This article is commented on by Alloway on pages 203204 of this issue.
The profile of executive function in very preterm children at 4 to 12 years
Article first published online: 29 NOV 2011
© The Authors. Developmental Medicine & Child Neurology © 2011 Mac Keith Press
Developmental Medicine & Child Neurology
Volume 54, Issue 3, pages 247–253, March 2012
How to Cite
AARNOUDSE-MOENS, C. S. H., DUIVENVOORDEN, H. J., WEISGLAS-KUPERUS, N., VAN GOUDOEVER, J. B. and OOSTERLAAN, J. (2012), The profile of executive function in very preterm children at 4 to 12 years. Developmental Medicine & Child Neurology, 54: 247–253. doi: 10.1111/j.1469-8749.2011.04150.x
- Issue published online: 10 FEB 2012
- Article first published online: 29 NOV 2011
- Accepted for publication 22nd August 2011. Published online 29th November 2011.
Aim To examine executive functioning in very preterm (gestational age ≤30wks) children at 4 to 12 years of age.
Method Two-hundred very preterm (106 males, 94 females; mean gestational age 28.1wks, SD 1.4; mean age 8y 2mo, SD 2y 6mo) and 230 term children (106 males, 124 females; mean gestational age 39.9wks, SD 1.2; mean age 8y 4mo, SD 2y 3mo) without severe disabilities, born between 1996 and 2004, were assessed on an executive function battery comprising response inhibition, interference control, switching, verbal fluency, verbal and spatial working memory, and planning. Multiple regression analyses examined group differences while adjusting for effects of parental education, age, sex, and speed indices.
Results Relative to children born at term, very preterm children had significant (ps<0.02; where ps represents p-values) deficits in verbal fluency (0.5 standardized mean differences [SMD]), response inhibition (0.4 SMD), planning (0.4 SMD), and verbal and spatial working memory (0.3 SMD), independent of slow and highly fluctuating processing speed. A significant group by age interaction indicated that group differences for response inhibition decreased between 4 and 12 years.
Interpretation Very preterm birth is associated with a profile of affected and non-affected executive functions independent of impaired speed. Deficits are of small to moderate magnitude and persist over time, except for response inhibition for which very preterm children catch up with peers.
Mean reaction time
Standardized mean differences
What this paper adds
- •Executive dysfunction after very preterm birth comprises a profile of affected and non-affected areas.
- •The executive function profile remains largely persistent over time and is independent of slow and highly fluctuating processing speed.
Improvements in perinatal care have resulted in increased survival rates for children born very preterm (gestational age ≥30wks). The incidence of major disabilities, such as cerebral palsy (CP), intellectual disabilities, deafness, or blindness in these children is relatively low.1 There is growing awareness, however, that most of the survivors with normal IQs are at risk for ‘subtle’ neurocognitive deficits, such as motor impairments,2 academic underachievement, and behavioural problems.3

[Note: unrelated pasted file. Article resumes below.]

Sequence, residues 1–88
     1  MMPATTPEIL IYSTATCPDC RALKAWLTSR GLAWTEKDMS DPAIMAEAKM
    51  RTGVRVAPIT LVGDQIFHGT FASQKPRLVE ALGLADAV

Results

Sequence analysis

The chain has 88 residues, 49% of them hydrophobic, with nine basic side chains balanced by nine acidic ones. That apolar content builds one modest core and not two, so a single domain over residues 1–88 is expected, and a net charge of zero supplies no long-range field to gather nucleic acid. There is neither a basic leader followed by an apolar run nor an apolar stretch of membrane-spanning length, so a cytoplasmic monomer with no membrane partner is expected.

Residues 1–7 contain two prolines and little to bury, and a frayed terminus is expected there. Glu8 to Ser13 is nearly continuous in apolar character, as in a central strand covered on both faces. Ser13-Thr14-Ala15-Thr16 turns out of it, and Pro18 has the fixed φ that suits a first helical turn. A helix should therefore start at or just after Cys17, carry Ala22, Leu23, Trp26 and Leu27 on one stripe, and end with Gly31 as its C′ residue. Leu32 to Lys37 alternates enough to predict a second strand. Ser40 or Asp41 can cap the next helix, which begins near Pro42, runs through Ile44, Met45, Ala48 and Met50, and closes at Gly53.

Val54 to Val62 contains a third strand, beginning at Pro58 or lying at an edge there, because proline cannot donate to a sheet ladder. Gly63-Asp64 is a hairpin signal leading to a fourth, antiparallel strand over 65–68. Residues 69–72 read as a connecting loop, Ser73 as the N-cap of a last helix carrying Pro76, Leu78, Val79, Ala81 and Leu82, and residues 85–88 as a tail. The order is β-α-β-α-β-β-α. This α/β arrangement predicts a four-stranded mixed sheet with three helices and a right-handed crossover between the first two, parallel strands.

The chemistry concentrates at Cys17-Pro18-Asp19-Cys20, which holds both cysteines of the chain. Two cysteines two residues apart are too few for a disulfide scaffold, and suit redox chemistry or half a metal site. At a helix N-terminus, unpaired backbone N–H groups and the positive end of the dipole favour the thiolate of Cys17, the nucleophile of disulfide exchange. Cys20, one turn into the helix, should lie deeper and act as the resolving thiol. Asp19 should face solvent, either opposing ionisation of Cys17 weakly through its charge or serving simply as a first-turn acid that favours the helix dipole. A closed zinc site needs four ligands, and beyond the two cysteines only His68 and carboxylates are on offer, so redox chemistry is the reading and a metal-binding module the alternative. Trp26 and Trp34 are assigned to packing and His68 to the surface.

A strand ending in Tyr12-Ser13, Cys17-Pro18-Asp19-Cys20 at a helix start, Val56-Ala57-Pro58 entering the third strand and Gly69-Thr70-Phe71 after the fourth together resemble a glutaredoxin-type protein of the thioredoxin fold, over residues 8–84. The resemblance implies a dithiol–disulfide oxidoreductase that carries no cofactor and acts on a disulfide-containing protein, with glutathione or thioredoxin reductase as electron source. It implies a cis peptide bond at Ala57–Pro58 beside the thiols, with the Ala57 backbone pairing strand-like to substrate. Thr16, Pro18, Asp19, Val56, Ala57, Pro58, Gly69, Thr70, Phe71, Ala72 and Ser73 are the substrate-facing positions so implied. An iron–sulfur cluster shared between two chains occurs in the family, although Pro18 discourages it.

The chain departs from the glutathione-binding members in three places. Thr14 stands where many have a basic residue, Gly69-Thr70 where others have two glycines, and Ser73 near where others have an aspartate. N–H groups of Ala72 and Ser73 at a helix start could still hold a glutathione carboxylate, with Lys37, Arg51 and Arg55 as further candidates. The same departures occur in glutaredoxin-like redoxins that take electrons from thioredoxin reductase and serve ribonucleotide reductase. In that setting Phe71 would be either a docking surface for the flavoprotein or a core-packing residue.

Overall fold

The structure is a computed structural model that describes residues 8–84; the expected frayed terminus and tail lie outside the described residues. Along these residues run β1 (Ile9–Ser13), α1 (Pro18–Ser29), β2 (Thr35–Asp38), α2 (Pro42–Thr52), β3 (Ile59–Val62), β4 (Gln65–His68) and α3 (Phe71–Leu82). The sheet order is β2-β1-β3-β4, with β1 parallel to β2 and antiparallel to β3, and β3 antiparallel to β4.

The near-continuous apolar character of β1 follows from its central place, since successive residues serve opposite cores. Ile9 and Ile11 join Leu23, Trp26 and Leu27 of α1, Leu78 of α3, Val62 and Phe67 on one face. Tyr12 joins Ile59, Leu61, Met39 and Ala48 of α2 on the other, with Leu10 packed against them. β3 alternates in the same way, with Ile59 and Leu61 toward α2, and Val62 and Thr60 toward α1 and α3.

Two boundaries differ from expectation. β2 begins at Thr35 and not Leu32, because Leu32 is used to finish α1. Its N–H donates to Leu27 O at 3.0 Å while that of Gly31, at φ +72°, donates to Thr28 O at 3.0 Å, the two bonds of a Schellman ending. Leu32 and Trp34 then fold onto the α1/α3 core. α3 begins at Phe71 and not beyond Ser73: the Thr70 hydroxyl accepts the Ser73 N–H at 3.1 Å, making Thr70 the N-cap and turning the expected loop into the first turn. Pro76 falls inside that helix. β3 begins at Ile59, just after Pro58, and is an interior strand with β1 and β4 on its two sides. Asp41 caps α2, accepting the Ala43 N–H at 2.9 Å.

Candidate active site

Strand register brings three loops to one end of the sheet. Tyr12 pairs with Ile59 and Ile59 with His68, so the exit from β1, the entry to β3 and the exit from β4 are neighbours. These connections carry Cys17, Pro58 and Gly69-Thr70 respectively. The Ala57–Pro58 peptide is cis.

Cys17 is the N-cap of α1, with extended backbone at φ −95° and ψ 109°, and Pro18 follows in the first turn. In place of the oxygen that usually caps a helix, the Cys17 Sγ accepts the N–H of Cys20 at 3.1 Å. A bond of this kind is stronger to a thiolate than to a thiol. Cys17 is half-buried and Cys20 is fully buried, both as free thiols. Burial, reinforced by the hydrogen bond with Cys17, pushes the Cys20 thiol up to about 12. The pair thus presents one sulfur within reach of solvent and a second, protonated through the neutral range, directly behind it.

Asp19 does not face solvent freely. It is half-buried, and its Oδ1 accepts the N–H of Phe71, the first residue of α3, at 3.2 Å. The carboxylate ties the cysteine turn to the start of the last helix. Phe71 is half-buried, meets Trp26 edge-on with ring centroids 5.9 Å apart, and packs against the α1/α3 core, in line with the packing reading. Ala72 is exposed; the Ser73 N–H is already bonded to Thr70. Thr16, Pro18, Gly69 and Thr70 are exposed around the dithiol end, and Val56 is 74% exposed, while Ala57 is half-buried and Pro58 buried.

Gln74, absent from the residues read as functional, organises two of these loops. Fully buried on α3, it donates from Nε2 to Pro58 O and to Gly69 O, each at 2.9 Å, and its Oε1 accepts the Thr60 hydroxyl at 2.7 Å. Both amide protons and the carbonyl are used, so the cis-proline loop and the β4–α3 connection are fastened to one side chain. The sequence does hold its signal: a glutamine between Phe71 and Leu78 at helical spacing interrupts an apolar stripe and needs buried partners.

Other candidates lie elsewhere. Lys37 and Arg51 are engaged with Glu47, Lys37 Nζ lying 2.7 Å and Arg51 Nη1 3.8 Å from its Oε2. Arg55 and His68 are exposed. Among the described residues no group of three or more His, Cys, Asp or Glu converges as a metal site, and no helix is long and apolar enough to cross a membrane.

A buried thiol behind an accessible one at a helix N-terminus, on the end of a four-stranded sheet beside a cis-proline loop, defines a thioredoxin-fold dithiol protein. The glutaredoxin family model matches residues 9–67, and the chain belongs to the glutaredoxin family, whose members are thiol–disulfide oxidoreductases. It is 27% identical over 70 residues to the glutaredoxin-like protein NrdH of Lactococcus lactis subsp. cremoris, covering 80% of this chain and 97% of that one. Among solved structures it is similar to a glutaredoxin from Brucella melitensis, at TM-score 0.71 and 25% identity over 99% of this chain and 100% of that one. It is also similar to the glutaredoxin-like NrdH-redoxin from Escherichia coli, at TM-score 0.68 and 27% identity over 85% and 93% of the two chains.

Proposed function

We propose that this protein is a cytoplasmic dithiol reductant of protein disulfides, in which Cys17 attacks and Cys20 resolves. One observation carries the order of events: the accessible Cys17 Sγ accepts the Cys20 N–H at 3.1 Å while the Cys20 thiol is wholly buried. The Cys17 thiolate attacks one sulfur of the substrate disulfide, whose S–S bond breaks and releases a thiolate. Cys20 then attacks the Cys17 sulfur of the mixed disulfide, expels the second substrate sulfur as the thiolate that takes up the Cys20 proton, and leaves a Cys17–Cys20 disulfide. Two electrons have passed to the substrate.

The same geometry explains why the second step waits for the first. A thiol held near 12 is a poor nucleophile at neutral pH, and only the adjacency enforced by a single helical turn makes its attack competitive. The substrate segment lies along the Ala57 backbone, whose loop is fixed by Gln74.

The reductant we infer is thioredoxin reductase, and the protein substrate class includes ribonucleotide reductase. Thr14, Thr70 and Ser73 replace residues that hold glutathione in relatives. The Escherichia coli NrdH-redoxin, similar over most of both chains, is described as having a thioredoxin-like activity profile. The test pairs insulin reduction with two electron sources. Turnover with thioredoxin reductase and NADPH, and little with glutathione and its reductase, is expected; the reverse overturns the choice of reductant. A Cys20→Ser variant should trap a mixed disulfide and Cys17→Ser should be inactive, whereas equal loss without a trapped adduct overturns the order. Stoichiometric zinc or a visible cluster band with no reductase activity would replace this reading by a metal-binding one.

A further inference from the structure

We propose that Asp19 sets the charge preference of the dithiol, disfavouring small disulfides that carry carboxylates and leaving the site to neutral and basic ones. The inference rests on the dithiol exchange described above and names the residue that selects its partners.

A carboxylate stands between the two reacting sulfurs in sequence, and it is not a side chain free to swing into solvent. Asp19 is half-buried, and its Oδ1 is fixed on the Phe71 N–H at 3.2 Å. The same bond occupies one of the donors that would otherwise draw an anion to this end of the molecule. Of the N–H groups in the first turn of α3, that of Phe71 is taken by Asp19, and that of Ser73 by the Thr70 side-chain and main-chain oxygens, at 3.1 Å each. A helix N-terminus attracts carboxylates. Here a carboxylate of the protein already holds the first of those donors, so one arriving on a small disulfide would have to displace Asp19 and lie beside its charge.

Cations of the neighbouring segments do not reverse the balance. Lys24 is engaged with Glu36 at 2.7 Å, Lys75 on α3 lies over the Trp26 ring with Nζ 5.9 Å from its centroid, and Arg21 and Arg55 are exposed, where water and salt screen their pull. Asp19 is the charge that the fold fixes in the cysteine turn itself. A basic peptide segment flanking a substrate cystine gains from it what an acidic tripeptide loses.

Executive functioning has been considered one of the crucial mechanisms underlying academic and behavioural problems.4–8 In the past decade, it has therefore been the subject of much research into the outcomes of very preterm children. Executive functioning refers to interrelated neurocognitive processes, such as response inhibition, working memory, switching, planning, and fluency, that control thought and behaviour.8–10 Earlier studies have found executive functioning deficits in very preterm children.3,11 However, because of inclusion of often small numbers of children of restricted age ranges and the use of measures tapping into multiple aspects of executive functioning, literature still diverges on which executive functioning domains are precisely affected in this population and to what extent executive functioning deficits persist over time.
Poor executive functioning after very preterm birth has been related to smaller volumes of basal ganglia and cerebellum, as well as to disruptions of subcortical white matter circuits connecting frontal, striatal, and thalamic regions.12,13 These white matter disruptions affect efficiency of neural signalling, which also results in slow processing speed and highly variable task performance (i.e. moment-to-moment fluctuations in speed).14 It has, therefore, been postulated that poor executive functioning in very preterm children may in fact reflect deficiencies in speed of information processing.15
The aim of this study was to examine a comprehensive range of executive functioning in a large sample of very preterm and term children across the age range of 4 to 12 years with well-defined and validated measures of executive functioning. Response inhibition, interference control, verbal and spatial working memory, switching, verbal fluency, and planning were assessed in a large sample of very preterm and term children who were comparable in age and sex. All children were free of major disabilities.